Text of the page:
I don’t know what I’m doing either. Still sticking to my half baked plan of “Tree Kin as tactical reserve” for some reason, I think? The battered remnants of the Celyn Dryads camped on the Tunnel Team’s marker, everyone advanced into the woods (or into the fire corridor between the woods, why am I doing this?), and I opened fire.
Master of the Wood took out the Ratling Gun formerly attached to the Stormvermin unit (hooray!) and once I’d explained what Howler Wind did that one got Ben’s Dispel Scroll to the face. The Treeman’s Strangleroots attack did eight wounds to the Rat Swarm, the Scouts landed two more, and twenty shots from the Glade Guard accounted for ten out of range (shame, calumny etc) and two dead Stormvermin.
Skaven Turn 2
The Rat Swarm charged my Scouts (who did two wounds with their Stand and Shoot), but everything else either continued doing the bloody great wheel around that central building or opted for “the bum shuffle”, a dynamic manoeuvre (spelled right on the second attempt for once) which saw them block up and stay at arm’s length for the shenanigans to begin.
The first Warp Lightning was only a d6 hits job killed four Eternal Guard; I dispelled a 2d6 Warp Lightning on the Maven’s Dryad unit and dispelled Vermintide; Plague on the Eternal Guard got my Dispel Scroll; Storm Daemon killed three more Eternal Guard. Meanwhile, the Ratling Gun behind the building (the only one that could shoot) jammed and the Scouts saw off the wounded Rat Swarm in combat.
Wood Elves Turn 2
I think this is the turn when I started to bottle it. I know the Eternal Guard don’t do well if they get charged, so I didn’t want to advance them into charge range of the Stormvermin. Instead, I shoved the Treeman up to try and terror bomb, pulled the Maven off course to try and protect the flank (exposing her to at least one cast of Dryads-B-Gone for some reason) and had my Great Eagle charge the Slave unit in an attempt to assassinate a Warlock Engineer and get one and a half Warp Lightnings off the table.
I cast Master of the Wood on the Stormvermin, killing two (thanks to Ben for showing double ones on his Dispel roll) and then Mistress of the Marsh, thinking they were going to move at all. My Glade Guard accounted for one Stormvermin and one Clanrat (fire was not focused at all, doubling down on the issue of my poor deployment). Uchelwydd’s Strangleroots killed that jammed Ratling gun that was staring down at him, which was a nice plus.
Sadly, my Eagle (I’m not giving them names, I refuse to get attached to them) only landed one wound on the Warlock and promptly fled from combat, although it didn’t leave the board. This was a bit of a gamble, but threes on two dice twice wasn’t that unreasonable an ask and it would have made a bit of an impact…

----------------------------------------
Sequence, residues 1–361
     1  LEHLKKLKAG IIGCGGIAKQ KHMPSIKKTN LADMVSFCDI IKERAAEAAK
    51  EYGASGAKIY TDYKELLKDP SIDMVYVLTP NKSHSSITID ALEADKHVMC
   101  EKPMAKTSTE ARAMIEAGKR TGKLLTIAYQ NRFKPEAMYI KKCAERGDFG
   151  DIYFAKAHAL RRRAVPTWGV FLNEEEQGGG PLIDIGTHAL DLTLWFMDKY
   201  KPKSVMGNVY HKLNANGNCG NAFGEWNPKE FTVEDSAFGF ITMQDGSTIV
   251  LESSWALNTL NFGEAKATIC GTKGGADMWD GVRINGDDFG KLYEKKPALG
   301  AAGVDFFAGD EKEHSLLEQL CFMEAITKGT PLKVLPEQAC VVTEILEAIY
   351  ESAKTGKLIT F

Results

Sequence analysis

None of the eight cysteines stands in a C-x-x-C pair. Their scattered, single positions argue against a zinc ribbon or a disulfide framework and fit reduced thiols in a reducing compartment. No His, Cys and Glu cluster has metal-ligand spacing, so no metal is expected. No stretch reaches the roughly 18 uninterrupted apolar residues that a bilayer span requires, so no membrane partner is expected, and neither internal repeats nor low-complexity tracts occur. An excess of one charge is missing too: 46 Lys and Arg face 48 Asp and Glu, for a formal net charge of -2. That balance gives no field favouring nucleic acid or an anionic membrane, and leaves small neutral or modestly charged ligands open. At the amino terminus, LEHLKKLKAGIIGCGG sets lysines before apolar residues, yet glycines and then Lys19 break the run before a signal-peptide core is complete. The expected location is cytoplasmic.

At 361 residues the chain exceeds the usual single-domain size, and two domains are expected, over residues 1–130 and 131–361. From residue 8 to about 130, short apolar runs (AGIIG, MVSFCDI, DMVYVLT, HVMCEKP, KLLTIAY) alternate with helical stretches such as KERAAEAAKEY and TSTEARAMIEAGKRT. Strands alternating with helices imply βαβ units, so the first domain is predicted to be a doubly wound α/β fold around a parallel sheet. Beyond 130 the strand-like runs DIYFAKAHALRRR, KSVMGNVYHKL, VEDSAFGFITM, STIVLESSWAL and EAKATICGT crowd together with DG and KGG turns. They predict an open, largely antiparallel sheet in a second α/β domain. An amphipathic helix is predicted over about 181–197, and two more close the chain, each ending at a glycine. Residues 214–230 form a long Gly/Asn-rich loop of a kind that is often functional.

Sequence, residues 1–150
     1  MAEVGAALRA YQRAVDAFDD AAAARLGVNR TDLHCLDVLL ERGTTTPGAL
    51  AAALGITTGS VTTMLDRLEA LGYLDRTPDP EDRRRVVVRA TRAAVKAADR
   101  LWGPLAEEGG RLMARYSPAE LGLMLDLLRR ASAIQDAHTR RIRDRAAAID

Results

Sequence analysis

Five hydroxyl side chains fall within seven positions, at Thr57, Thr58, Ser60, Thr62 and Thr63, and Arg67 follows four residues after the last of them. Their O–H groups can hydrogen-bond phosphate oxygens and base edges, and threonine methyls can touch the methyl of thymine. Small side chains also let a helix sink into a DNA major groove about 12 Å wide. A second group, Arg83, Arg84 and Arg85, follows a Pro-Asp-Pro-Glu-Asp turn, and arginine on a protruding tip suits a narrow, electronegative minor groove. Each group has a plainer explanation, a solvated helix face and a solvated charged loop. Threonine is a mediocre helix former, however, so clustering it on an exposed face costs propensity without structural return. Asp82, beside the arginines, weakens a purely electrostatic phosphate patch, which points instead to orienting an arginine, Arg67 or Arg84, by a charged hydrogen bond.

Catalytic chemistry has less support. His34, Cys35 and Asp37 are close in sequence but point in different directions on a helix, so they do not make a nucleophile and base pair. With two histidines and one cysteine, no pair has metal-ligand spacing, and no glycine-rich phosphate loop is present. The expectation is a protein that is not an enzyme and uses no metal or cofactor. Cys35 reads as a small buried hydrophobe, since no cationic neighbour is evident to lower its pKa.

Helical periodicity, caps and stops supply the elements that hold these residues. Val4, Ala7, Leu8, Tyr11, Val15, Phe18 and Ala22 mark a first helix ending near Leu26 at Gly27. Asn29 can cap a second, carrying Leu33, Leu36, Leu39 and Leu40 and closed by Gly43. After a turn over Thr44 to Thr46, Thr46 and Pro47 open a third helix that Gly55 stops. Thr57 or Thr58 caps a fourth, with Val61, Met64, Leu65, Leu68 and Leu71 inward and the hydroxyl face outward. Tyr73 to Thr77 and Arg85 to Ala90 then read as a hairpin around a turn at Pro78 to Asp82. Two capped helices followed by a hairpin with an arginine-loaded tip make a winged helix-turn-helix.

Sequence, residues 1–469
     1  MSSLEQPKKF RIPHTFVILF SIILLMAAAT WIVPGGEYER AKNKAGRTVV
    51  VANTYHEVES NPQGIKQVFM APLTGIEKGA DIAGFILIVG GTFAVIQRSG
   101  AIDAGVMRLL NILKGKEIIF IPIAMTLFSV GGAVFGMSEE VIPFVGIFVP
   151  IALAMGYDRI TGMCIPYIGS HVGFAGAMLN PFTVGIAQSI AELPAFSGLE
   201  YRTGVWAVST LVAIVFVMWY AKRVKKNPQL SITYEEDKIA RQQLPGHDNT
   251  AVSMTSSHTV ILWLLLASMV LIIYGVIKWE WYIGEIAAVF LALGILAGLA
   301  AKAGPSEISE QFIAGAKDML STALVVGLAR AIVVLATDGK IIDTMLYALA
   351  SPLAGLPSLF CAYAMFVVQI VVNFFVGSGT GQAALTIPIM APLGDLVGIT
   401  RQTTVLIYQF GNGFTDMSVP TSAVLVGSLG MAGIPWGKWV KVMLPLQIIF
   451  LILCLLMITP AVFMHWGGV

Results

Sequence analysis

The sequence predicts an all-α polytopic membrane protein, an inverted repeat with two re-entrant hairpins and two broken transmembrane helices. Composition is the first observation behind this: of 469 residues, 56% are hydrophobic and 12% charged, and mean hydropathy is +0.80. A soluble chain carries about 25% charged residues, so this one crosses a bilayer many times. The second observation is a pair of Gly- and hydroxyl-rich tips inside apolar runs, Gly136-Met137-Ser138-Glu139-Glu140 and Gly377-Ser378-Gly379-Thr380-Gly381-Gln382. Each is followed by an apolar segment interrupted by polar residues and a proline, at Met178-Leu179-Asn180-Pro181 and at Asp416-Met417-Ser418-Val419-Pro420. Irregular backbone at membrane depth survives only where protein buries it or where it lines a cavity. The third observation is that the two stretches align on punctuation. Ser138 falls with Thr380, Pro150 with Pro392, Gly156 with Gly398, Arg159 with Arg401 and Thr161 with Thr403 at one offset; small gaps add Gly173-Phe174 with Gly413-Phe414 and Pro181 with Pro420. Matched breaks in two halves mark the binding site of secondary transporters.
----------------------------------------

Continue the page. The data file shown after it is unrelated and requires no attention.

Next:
Skaven Turn 3
Most of the Skaven continued to perform the bum shuffle (a few tiny inches, under the influence of Mistress of the Marsh), except for the Rat Ogres, who passed their fear test to charge Uchelwydd, and the Warlock with Storm Daemon, who abandoned his unit to take up a safer spot within the 3″ Nope Zone between them and the Stormvermin.
A big boy Warp Lightning killed four of the Eiddew Dryads; Plague on the Eternal Guard killed four, then an Irresistible Warp Lightning killed another two, and even though the Grey Seer managed to miscast Vermintide and wound himself chewing a Warpstone token, it was enough to panic the Eternal Guard.
The last Ratling Gun killed four Dryads and put a wound on the Maven, leaving her all by herself staring down two ranked units, a Warp Lighting caster and a weapon team that could Stand and Shoot. Not brilliant.
At least Uchelwydd absolutely whomped a Rat Ogre, although they refused to run away.
Wood Elves Turn 3
The Eternal Guard and Great Eagle both rallied, which made the game worth carrying on with (if I hadn’t been casting spells I don’t think I would have stood a chance at this stage), while the Maven displayed some uncharacteristic cowardice and went to hide in the woods well away from any further firepower.
Tree-Singing moved the Maven’s wood closer to that Jezzail team, and Master of the Wood went off but only dealt a single hit – between that and the Glade Guard (half of whom were out of range AGAIN) I only removed a single team, and now they were right there next to Uchelwydd and in a position to unlimber and open fire. At least he squashed another Rat Ogre for one wound in return. They still didn’t break.
Skaven Turn 4
I seem to have skipped taking a photo this turn, but it’s not that different from my next one. Ben’s Magic phase ended prematurely as his Grey Seer miscast his Plague attempt (delightful). I recommended the Jezzails take a pot shot at Uchwelwydd, on the grounds that he was a Large Target in short range fighting a unit he was probably going to wipe this turn; sadly it turned out as badly as it possibly could as Ben managed to kill his own Rat Ogre and do nothing to the big fella.
Wood Elves Turn 4
Uchelwydd charged the Jezzails (you would, wouldn’t you?) but the Tree-Kin fell short of their charge on the Stormvermin (I was hoping I could land a couple of hits on the Seer and finish him off, see? Piece trading a Level 4 wizard and the army general would have been worth it!).
Ben Dispelled my Tree-Singing cast, but couldn’t stop Master of the Wood (it might even have been Irresistible, I genuinely don’t remember) from whomping that free-roaming Warlock Engineer. I now understand the appeal of the Lore of Life; because they’re not magic missiles, those damage spells can land anywhere you damn well need them to as long as the target’s not engaged.
Wood Elf shooting continued to be unspectacular, accounting for one Slave and two Clanrats. In combat, Uchelwydd did three wounds to none and ran the Jezzail teams down. At last, something like success!
Skaven Turn 5